UNDULATING hills and equatorial forest Mahogany trees, punctuated by red soils meet the visitor to Chikore communal lands under Chief Musikavanhu in Chipinge.
Nyaudongo River is the lifeblood of the community, and it is here that a young graduate utilises the river for farming purposes with great results.
He is Mr Respect Majazo.
Ancient civilisations such as Mesopotamia and Egypt came about because of a river close by, and they went on to consolidate their political power through harnessing the river for farming.
These communities were agro-based economies first, before they could be leading lights of their time.
A 28-year-old Politics and Public Management Midlands State University graduate has taken agriculture by storm in Nyagadza area, Chipinge.
He is domiciled in Bangira along the Nyaudongo River.
It is here where the young man has proved that with tenacity and utilising the river close by, one may help in food security and subsequent economic growth for the area, and the country at large.
“I was born on the land, and I am as natural to the land as the natural resources,’’ Mr Respect Majazo, said as he reclined on the sofa.
His journey to being an enterprising farmer began when he was in his teens as he watched his parents work on the land.
He takes after his father whom he regards as a role model.
He said: “I saw how my father would prepare the fields for the summer cropping way before the first rains. It would be a hive a hive of activity for all of us, as we yoked our oxen to till the land. As a family, we planted maize and the small grains.
“Later, we weeded the fields and applied Ammonium Nitrate.
I remember reporting to our father and mother on the progress we would have made in the fields. Today, I feel that my father helped me as an apprentice.’’
Having attended primary school at Big Tree School near Chikore Mission, Majazo proceeded to Chinaa High School, before enrolling for a Politics and Public Management Degree at Midlands State University and graduated in 2014.
He did not opt for any formal employment after his academic pursuits as he went into farming in 2016.
Zimbabwe has long been credited for being the breadbasket of Africa, and in the SADC (Southern Africa Development Community), she is responsible for food security.
Therefore, when Mr Majazo, took to farming, the way fish takes to water, his community and family supported him relentlessly.
His secret is harnessing the Nyaudongo River for irrigation purposes, and that has been a marvel in an era of climate change.
He remains resolute in his belief that farming can change lives.
Employment creation is not for multinational companies alone.
Mr Majazo has four full time employees who make his job easy.
His harnessing of water from Nyaudongo River has seen a greenbelt being created.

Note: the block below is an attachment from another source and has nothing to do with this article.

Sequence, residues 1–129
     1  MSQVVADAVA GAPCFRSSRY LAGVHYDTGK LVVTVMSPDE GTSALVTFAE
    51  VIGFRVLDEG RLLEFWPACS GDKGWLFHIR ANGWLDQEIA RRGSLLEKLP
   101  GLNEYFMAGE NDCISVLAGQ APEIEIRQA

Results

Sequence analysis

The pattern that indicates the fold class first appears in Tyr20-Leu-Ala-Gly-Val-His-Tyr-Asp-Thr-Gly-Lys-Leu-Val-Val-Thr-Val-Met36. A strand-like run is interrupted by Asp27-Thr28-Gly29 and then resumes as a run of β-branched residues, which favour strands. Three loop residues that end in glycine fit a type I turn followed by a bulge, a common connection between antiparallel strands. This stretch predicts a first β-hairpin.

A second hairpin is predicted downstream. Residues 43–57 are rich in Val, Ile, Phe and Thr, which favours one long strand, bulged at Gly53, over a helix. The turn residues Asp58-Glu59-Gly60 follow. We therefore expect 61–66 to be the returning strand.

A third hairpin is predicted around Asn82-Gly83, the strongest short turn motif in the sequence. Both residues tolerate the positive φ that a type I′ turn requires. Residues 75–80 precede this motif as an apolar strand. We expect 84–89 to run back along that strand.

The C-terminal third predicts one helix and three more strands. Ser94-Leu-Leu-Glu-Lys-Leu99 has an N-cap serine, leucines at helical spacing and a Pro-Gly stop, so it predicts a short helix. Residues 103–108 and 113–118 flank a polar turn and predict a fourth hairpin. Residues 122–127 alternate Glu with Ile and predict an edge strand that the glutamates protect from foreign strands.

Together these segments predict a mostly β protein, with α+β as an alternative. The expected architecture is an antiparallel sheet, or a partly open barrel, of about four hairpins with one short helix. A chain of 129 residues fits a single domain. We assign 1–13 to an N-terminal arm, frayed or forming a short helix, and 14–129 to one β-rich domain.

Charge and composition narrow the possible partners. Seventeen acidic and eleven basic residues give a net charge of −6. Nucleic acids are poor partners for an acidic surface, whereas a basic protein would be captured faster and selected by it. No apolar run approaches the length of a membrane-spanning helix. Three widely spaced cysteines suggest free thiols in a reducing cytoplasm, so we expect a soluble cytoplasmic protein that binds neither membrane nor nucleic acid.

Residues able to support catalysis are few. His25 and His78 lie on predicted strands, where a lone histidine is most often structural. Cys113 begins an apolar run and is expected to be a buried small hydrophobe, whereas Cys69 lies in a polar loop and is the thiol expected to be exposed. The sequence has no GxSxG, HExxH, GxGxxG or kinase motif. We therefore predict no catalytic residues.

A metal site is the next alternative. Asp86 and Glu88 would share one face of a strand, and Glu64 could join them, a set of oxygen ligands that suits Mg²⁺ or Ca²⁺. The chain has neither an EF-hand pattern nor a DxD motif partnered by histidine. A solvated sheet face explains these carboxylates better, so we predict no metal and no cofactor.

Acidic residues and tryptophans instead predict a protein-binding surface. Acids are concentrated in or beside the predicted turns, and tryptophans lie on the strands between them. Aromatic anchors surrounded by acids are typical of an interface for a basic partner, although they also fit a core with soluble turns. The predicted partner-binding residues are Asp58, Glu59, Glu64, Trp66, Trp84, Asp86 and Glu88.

Further, livestock production has thrived along the growing of crops.
“My employees have contributed to my success. Without them, it would have been very difficult to achieve what we have achieved so far.
“During the 2020/21 season, we had a cumulative tonnage of 10 tonnes of maize. From the dry land, we got three tonnes, while the other seven tonnes came from the irrigated area.
“I am expecting to harvest two tonnes from my winter wheat crop. Moreover, I expect a tonne or so of the potato crop,’’ said Mr Majazo who is still single.
One of the major challenges to Mr Majazo’s quest to become one of the leading agro-producers in Chipinge or the country, is the seasonal Nyaudongo River.
He believes that drilling boreholes will come in handy to avert huge losses in the event of a drought.
“If I had the wherewithal, I would drill boreholes along the river, or close to the fields.
“That way, any absence of rains would not impinge upon my tonnage of maize, wheat, potatoes or small grains.
“I, therefore, appeal to the corporate world, Government or development partners to drill boreholes in this area for us to maximise our potential,’’ Mr Majazo appealed.
Many people have been quick to applaud his willingness to work, rather than wait for donors to come and help.
For him, donors should be complemented by young people who must have an inflexible ability to do things on their own.
“The donor syndrome among youths must never ever be celebrated.
“We have to take the lead to be food secure.
“Other young people must take the beneficiation route, while we do the farming,’’ Mr Majazo added.
His exploits has seen a number of people applauding his efforts.
Mr Marshall Mtetwa, of Chikore, said: “He might be young, but his ideas are not young.’’
As the 2021/2022 farming beckons, Mr Majazo is waiting with bated breath for it to begin. He envisions an improved yield per hectare.
“If the rains are not excessive, we expect more tonnes per hectare. We are eagerly waiting for the farming season to begin,’’ he said.
It remains to be seen if the yields this time around would dwarf the figures he earned over the past five years.
The fact that he is into green vegetables, wheat, maize and potatoes, makes him a suitable candidate of being a supplier of these products to retailers in Chipinge District and beyond.